What about raising ground level in the Netherlands by five metres using sand from the North Sea as a solution to the rising sea level? Not very realistic, admits Niels Roode from the Dutch water authority Rijkswaterstaat, but the thought illustrates the way his organisation is seeking novel ways to address climate change.
The Netherlands has never been safer, the man from Rijkswaterstaat hastened to add, but simply making the dykes higher is no longer enough to deal with the expected rise in water levels. The costs alone are enough to prompt a search for an alternative approach to ‘flooding safety’, as it is called in Rijkswaterstaat jargon.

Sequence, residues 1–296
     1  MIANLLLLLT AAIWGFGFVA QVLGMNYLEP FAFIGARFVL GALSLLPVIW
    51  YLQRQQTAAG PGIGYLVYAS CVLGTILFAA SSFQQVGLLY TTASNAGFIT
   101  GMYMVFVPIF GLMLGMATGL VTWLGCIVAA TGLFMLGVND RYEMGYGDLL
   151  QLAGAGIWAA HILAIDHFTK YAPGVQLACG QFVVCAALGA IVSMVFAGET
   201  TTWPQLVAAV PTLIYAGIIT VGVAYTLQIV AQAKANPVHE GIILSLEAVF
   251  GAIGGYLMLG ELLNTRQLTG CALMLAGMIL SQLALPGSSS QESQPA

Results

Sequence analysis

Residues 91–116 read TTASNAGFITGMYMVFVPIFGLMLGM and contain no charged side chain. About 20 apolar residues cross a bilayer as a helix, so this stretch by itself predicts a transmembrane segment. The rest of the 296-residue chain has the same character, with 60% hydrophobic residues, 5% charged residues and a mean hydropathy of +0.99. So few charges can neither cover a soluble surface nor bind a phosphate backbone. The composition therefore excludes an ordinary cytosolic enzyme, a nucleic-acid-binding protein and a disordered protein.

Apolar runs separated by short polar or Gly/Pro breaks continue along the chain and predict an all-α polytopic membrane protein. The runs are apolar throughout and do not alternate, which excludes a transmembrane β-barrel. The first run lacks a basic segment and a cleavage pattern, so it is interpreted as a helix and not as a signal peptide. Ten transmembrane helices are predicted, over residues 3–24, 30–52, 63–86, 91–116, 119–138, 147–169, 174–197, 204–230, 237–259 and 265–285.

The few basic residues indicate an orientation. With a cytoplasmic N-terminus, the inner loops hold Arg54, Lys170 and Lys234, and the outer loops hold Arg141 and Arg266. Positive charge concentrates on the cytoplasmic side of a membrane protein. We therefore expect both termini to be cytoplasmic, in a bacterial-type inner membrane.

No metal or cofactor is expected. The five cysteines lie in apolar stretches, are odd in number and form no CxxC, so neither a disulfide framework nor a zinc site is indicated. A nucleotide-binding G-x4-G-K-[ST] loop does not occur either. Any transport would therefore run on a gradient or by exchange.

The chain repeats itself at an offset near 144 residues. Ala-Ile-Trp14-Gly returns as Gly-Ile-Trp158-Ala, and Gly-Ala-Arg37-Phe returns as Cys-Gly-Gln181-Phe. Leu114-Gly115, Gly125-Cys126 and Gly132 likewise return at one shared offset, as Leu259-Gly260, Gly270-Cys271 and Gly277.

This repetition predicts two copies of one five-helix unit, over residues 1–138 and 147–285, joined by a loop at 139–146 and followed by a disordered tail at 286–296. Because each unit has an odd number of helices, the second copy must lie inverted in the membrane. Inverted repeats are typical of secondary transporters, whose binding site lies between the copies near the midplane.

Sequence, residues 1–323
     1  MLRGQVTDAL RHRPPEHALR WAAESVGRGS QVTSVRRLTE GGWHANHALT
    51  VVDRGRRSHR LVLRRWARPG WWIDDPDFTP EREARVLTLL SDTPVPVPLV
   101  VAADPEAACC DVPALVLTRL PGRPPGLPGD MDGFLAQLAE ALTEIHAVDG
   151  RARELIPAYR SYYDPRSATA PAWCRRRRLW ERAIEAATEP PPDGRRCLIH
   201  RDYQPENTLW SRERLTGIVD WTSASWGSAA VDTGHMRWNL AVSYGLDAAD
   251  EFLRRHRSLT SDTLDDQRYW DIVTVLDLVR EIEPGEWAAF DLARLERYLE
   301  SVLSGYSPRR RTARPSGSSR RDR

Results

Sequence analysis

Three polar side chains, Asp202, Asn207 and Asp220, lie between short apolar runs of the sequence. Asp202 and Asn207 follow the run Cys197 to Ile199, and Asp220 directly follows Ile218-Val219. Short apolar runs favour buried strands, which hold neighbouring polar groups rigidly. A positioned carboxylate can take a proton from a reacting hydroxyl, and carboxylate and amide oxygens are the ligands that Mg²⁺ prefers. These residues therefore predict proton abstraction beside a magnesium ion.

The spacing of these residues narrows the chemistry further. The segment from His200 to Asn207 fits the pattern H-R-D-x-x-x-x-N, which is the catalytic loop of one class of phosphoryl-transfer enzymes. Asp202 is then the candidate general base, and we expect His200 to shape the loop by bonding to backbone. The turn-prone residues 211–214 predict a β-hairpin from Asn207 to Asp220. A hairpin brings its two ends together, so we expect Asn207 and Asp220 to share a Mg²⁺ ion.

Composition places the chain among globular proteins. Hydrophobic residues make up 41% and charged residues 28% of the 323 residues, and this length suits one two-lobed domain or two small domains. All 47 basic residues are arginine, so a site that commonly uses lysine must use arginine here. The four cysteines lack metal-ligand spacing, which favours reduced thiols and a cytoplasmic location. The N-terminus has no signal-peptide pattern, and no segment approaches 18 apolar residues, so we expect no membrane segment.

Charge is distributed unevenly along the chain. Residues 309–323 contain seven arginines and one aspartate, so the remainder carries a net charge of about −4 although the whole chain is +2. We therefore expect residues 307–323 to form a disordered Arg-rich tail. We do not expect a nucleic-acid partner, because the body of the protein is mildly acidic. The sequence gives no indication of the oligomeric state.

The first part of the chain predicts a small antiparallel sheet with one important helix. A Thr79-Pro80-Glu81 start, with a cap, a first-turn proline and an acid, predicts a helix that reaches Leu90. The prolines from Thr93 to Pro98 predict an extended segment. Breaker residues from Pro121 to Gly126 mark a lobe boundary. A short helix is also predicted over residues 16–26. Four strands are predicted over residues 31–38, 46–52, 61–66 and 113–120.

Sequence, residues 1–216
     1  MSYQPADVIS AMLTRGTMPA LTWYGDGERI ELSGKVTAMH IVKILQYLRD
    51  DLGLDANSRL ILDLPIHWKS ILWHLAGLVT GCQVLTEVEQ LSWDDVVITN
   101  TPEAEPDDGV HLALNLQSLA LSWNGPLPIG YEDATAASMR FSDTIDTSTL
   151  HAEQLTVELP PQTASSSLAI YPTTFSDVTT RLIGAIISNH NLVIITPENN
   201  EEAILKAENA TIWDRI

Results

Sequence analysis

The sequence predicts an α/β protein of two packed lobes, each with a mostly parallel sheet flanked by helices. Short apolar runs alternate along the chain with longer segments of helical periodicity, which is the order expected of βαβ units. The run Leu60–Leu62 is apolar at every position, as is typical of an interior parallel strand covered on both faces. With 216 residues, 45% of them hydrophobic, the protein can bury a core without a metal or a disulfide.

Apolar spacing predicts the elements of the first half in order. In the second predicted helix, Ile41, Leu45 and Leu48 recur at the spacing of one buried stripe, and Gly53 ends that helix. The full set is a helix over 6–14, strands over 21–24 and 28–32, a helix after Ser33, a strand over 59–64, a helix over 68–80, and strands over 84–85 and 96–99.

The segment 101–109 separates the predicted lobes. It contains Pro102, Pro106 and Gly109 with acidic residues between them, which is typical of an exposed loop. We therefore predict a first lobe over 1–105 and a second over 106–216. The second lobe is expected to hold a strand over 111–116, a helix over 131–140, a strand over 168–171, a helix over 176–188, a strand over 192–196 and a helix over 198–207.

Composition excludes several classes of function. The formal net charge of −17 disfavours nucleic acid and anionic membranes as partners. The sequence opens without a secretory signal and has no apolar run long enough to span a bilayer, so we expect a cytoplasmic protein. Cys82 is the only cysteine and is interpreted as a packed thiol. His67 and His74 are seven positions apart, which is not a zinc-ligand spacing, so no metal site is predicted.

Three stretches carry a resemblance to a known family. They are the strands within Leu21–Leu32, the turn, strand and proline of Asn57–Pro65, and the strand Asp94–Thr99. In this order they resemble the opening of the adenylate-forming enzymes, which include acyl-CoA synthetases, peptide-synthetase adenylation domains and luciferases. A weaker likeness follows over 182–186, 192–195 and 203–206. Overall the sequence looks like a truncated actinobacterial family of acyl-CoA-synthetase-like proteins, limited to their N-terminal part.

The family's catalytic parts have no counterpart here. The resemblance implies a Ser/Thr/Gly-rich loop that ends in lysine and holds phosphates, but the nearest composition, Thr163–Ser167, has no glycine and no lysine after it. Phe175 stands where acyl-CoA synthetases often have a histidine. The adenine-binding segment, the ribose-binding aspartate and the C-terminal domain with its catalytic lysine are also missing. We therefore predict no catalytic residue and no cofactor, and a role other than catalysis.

Rijkswaterstaat is now actively seeking dialogue with the government and public bodies so that responsibility for risks arising from calamities can be shared. One of the ideas is compulsory flood insurance for all Dutch citizens. It is almost certain that this will be introduced, Roode said. Compartmentalising the fourteen dyked areas in the Netherlands is politically more sensitive. The plan is that, in the event of a flood, the water would be diverted to areas where the least damage would be done. The problem is that nobody wants to live in an area that may become designated as a flood area, predicted Roode.